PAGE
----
First it is necessary to understand the decision an individual has to make involving whether to accept a job or not and the decision a company has to make whether to hire a person or not. According to Becker[9] this decision depends on how the agent wants to spend its time, which is a limited resource. The agent is a producer and a consumer at the same time and thus must reach equilibrium in the usage of its time for working or leisure. If the person works then a reward is obtained which can be used to obtain different goods and services. But as mentioned by Pencavel[10] the decision is not as simple as maximizing the agent’s utility function between consumption and leisure. It is something that goes beyond that. This decision is taken in the real world with a familiar and social context that has influence on a person’s decision. And even if someone believes he or she has all the variables to predict the decision of a person whether to work or not there will always be more factors that influence these decisions, for example the way a person was raised.

At the same time an individual seeks a job, a company looks for workers. A company looks for workers because they represent an essential input for the production. Following Varian [11], in the classic theory a company has two production factors in its function, labor force and capital. Ergo a question is raised, which factors influence the company’s decision on whether to hire a person or not? For Borjas[12] productivity is the factor that influences this decision, and also directly affects the decision of what salary a person must receive. The conclusion is that the salary is equal to marginal productivity; this means that a more productive person should receive a higher wage.

Productivity can be measured in many ways; this would allow companies to know how much a single person can produce. Mincer[13] concludes that companies normally use education and work experience as productivity proxies. In simple words a higher level of education would mean a higher salary and at the same time a higher number of experience years would mean the same effect. A more recent study in this area done by Carneiroet al.[14] shows that there is a problem in order to obtain a higher education level and thus a higher wage. This problem initiates in childhood as parents are the ones in charge of investing in education so a higher education is not a decision one makes for himself but rather a decision that is made by the parents and their socioeconomic reality.

But wage is not determined by the hiring company but it is determined in a negotiation process between the company and the agent looking for a job. As mentioned by Manziniet al.[15], this negotiation process can be done in different ways; the more accepted one is Nash’s negotiation game between two agents. But then a question rises, what if one of the two agents has a higher negotiation power? This higher negotiation power gives signs that the market structure in this case may be imperfect.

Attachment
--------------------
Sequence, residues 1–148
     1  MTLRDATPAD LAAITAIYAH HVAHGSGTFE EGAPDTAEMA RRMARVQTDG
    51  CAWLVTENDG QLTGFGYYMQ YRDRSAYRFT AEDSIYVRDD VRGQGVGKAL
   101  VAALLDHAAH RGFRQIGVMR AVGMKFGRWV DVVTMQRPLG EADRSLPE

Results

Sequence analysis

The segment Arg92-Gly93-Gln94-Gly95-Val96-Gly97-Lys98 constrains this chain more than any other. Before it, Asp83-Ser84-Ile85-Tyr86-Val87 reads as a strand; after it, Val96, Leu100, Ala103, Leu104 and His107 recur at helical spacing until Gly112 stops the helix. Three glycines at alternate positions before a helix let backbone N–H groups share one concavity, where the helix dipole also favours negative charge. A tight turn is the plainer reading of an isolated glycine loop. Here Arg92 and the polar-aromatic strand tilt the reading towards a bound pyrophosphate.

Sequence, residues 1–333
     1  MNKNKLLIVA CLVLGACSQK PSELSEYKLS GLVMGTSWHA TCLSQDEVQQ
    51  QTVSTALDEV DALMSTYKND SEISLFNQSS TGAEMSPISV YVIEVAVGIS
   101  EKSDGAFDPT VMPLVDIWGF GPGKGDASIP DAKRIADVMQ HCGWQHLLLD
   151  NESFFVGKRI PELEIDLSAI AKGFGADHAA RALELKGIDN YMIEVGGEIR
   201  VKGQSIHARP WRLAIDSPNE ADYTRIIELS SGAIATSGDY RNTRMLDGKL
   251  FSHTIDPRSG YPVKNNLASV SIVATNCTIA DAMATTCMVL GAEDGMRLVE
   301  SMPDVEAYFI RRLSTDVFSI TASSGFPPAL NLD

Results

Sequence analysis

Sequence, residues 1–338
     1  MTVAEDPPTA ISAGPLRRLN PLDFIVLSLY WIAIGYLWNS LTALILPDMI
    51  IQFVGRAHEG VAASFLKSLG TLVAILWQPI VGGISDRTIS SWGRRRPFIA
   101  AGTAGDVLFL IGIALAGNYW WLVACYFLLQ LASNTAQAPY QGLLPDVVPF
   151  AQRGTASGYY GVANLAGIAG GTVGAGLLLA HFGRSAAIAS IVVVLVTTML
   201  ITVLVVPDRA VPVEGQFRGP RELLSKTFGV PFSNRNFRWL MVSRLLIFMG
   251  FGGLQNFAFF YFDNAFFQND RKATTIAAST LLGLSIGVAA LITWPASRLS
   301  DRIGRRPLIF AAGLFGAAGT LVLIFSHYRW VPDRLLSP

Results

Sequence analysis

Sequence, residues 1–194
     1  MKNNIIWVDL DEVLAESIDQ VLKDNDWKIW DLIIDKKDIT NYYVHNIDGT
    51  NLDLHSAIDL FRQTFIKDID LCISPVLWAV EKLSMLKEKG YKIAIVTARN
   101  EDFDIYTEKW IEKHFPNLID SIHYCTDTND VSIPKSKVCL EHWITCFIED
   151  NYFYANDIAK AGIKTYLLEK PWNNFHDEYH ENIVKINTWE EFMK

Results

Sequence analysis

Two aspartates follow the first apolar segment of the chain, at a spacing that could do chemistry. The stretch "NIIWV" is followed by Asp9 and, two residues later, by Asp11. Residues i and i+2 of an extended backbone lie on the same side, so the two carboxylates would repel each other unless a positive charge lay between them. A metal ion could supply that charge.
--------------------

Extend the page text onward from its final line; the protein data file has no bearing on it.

Consequently this market power the company or the worker has translates to a higher or lower wage respectively. An example would be a company that wants to hire workers for a position that does not have a long list of requirements, thus the number of applications will be high. This generates a market distortion and in this particular case the company has the power, therefore having an advantage in the wage negotiation. In an opposite case there may be an individual that has a specific set of characteristics and a group of companies are interested in hiring this individual. Because she/he is the only one with this specific set of characteristics this individual may request a higher wage.

But this higher power market can be used in other ways. According to Becker [2], who did one of the first investigations that took wage discrimination is a more academic manner; there is a taste for discrimination. This taste for discrimination may cause someone to pay a higher wage to men than women; this among all the different types of discrimination may exist. Among these types of discrimination there may be race, nationality, gender and many other kinds of discrimination as mentioned and studied by Kofi et al.[16]. But the focus of the present paper is to study wage differences between women and men.

Some of the first investigations in the wage gap start with a past present inequities analysis. Such is the case of Newell et al.[17] where the men and women wage gap is studied in different countries of Eastern Europe and URSS before and after communism. And it is concluded that there is no substantial change between the communist period and the next one, but the main difference in the wage gap between women and men is composed of a “non-explained” component. Discrimination may be inside this non-explained component.

As mentioned before the wage gap may be generated because of an imperfect market. There is evidence about the relation between imperfect markets and inequities for example Ransom et al.[7] or Ransom et al.[5]; some sectors that presented monopsonic structures where studied and analyzed to prove if higher company power translates to a higher wage gap between women and men. And the results are exactly as mentioned, but Ransom doesn’t attribute this gap directly to discrimination but to unexplained factors and discrimination may be a component of these factors. Another paper, Hellersteinet al. [18], shows that markets where there is high company power may present characteristics of wage discrimination. An interesting fact is that more profitable companies normally hire more women.